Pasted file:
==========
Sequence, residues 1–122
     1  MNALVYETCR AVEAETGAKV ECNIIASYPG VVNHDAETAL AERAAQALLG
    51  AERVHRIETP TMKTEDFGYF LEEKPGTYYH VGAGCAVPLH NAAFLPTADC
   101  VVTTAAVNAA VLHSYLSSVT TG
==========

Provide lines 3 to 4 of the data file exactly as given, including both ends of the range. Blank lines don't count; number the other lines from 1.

    51  AERVHRIETP TMKTEDFGYF LEEKPGTYYH VGAGCAVPLH NAAFLPTADC
   101  VVTTAAVNAA VLHSYLSSVT TG